Czech State buys Czech National Hall in NYC

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The historic Czech National Hall in New York City became the property of the Czech state on Friday. The Czech state bought the building for the symbolic price of one dollar, ending years of negotiations and disputes, hopes and fears over the fate of the building. It was built by Czech and Slovak refugees at the end of the 19th Century and played an important role in the lives of generations of Czechs and Slovaks in the New World. Olga Szantova who visited the site in New York not long ago, reports.

My guide through the empty and neglected five-story building on Manhattan's East 73rd Street was architect Jan Pokorny, chairman of the committee which for years worked to try and save the National Hall. He was also instrumental in having it declared a New York City landmark. In order to be designated a city landmark, a building has to have either historic or architectural value, Mr. Pokorny told me.

"In this case it was both. And for the city it has a significance because there were many buildings which cultural minorities from abroad built - the Germans did, the Hungarians did, but this is the only one left and it's architecturally beautiful compared to the others. So the city decided to make it a landmark, and that's good, that means that nobody can tear it down."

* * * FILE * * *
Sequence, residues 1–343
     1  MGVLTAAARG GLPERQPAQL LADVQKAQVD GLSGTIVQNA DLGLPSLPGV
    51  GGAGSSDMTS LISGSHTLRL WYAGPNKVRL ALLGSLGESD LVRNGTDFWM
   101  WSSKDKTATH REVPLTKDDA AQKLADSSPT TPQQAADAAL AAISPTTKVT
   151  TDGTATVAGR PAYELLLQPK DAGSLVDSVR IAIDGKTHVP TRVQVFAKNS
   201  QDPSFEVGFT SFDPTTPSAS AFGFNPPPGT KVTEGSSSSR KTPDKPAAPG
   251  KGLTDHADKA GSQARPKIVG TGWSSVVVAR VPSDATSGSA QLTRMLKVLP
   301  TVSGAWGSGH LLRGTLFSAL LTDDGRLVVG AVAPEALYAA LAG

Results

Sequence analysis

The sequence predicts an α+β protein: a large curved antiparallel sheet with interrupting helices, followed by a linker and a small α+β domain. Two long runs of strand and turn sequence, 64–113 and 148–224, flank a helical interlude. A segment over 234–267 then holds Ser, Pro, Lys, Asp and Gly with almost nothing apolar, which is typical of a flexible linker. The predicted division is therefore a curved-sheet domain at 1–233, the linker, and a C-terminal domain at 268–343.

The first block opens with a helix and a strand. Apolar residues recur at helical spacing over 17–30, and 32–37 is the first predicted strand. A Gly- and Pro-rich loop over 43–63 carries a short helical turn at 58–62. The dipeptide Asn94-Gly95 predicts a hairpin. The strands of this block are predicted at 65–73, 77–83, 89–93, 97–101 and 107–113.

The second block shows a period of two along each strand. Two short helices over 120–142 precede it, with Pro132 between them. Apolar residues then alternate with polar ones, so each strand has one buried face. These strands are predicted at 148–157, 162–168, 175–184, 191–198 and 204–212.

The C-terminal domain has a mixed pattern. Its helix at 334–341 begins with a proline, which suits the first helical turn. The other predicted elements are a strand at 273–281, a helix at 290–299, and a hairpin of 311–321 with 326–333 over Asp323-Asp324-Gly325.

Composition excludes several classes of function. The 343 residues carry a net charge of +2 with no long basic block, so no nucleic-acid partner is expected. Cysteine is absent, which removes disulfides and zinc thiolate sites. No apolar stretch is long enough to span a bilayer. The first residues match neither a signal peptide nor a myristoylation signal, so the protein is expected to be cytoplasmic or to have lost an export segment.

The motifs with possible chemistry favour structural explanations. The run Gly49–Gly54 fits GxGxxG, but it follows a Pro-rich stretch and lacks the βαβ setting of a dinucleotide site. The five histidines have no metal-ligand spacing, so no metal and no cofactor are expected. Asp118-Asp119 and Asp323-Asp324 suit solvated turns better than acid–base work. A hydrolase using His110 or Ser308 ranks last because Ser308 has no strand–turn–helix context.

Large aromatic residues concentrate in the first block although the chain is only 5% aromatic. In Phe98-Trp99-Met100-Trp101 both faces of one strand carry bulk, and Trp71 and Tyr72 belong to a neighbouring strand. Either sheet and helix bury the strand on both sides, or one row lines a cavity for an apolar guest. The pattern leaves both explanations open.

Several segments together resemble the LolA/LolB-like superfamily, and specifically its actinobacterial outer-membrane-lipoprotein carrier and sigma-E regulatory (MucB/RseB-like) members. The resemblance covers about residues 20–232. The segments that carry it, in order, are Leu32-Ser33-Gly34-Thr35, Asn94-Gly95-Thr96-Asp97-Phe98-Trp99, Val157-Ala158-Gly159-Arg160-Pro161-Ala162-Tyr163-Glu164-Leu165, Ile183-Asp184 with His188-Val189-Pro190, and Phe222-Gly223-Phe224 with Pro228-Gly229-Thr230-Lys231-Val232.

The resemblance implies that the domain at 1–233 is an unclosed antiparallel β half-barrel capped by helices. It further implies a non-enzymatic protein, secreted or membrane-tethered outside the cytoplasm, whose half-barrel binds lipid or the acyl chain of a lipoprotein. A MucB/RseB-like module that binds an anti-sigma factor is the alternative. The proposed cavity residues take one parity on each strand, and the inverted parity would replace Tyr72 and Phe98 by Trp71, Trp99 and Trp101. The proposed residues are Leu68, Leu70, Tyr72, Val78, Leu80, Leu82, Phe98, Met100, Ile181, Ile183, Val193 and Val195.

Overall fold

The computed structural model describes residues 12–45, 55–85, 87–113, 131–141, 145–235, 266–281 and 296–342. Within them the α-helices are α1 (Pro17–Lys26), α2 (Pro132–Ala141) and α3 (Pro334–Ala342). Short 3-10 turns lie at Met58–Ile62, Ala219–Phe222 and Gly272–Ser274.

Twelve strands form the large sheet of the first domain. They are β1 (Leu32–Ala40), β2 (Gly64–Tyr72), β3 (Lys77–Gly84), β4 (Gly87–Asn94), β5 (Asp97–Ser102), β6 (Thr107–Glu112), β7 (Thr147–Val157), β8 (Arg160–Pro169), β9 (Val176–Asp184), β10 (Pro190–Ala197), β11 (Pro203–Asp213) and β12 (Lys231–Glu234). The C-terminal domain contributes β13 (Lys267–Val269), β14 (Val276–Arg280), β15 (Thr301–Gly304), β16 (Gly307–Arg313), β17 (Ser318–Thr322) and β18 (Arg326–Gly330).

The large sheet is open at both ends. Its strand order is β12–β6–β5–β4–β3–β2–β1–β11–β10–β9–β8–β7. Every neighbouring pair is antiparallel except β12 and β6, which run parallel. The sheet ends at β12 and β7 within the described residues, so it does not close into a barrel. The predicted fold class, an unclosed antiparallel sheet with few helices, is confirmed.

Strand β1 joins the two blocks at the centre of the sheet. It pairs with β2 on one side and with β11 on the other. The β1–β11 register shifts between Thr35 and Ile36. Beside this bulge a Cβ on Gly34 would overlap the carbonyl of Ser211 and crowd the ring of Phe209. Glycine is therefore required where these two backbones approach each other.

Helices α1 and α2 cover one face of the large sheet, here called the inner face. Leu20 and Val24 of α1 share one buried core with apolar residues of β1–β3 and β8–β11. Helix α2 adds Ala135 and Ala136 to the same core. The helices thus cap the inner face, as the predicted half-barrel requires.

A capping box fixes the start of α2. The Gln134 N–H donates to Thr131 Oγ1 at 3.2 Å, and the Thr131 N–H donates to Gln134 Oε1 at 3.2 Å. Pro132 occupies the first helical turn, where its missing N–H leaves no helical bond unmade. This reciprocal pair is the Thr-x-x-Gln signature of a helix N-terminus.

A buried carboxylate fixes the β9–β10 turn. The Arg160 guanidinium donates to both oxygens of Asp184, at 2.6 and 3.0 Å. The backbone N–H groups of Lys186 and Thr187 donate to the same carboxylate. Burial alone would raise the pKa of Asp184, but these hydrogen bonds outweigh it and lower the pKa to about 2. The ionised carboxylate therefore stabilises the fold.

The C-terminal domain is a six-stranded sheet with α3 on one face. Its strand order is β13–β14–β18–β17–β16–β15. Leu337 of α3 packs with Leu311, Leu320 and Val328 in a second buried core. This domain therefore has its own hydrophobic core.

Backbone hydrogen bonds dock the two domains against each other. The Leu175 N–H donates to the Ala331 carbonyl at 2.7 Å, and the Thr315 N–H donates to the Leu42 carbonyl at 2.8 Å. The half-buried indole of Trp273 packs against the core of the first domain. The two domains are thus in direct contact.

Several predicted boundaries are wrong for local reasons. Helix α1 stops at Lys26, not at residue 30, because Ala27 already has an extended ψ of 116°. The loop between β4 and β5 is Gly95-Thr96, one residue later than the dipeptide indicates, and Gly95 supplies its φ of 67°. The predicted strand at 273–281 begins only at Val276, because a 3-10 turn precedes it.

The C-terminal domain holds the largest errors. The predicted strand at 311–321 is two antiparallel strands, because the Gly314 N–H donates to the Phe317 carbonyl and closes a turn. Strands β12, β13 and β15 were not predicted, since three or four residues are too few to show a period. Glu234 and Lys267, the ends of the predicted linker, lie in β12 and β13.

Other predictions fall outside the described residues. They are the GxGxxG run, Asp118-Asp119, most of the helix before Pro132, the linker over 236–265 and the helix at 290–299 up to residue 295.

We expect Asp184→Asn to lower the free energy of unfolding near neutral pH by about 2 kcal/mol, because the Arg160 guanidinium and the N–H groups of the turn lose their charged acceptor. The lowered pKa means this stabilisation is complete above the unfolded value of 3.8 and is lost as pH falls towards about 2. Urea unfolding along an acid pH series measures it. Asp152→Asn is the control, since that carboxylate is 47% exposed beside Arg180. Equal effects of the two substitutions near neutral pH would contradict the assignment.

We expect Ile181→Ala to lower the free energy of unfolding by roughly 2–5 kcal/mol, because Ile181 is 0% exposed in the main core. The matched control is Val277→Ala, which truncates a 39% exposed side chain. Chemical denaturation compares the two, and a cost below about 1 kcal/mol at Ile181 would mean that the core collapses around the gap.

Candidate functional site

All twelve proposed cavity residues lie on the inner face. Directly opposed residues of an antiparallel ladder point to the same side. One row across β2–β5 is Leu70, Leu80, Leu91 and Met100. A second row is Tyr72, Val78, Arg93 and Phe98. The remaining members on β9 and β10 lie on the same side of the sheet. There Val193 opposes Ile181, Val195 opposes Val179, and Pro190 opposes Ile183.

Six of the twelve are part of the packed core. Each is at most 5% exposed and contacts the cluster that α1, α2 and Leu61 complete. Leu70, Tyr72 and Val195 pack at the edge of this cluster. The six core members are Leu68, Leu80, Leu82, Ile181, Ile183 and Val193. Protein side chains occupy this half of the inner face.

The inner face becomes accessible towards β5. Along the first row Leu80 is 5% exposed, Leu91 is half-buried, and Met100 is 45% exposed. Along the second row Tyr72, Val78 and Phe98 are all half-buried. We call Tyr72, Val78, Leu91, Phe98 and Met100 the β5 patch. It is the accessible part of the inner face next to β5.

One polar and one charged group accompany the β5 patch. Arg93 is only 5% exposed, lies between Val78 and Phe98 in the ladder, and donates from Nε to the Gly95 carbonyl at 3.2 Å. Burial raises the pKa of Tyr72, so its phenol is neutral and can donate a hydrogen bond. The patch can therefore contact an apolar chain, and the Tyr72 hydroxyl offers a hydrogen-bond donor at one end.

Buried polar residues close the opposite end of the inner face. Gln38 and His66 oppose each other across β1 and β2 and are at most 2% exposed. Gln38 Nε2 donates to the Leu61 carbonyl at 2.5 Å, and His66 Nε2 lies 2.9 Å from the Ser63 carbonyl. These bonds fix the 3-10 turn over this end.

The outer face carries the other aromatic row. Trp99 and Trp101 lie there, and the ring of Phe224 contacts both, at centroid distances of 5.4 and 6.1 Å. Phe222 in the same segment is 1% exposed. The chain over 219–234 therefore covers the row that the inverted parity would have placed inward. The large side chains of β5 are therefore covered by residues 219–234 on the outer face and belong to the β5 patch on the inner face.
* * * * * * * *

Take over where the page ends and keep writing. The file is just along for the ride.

But somebody has to keep it up.

"Well, that's our problem. We are keeping it up, we pay the taxes and we pay insurance."

But much more than that was needed, the building was really neglected, as I saw when Mr. Pokorny took me inside. We took the elevator upstairs.

"This is the original elevator. There are only a few of them still around, maybe at Macy's." Mr Pokorny showed me around the rooms upstairs. "That used to be the Czech school and next to it the Slovak school. We always had a school here. It wasn't a full time school, just the language and history were taught here. And that is the ballroom, incredible, isn't it? Above the stage there's the words Narod sobe - the nation to itself, it's the same as in the National Theatre in Prague, the two were built at the same time."

The National Hall used to be the center of Czech and Slovak life, 39 various organizations used to meet here, and in its heyday there was a restaurant and four bars. I was amazed to see Mr. Pokorny's enthusiasm and firm belief in the future of the Czech National Hall. His dream of restoring the building is now set to come true, despite the prospect of a huge bill for renovation.

"The basic construction will cost about four million dollars and then the rest of it probably another three, so that's not so easy to get together. The Hall stopped being used because the Czechs moved away from here. There used to be 40 000 Czechs around this building, now they are all in the suburbs, they can't afford the rents that are around here. But the building is certainly worth preserving. It's a national landmark, it's a Czech landmark, it's a monument for us."

As of Friday the historic building on New York's East 73rd Street is the property of the Czech State, and what's most important, the state will pay for its restoration. The work should be completed in 2004, when the National Hall will once again become the center of Czech activities in New York.

Author: Olga Szantová
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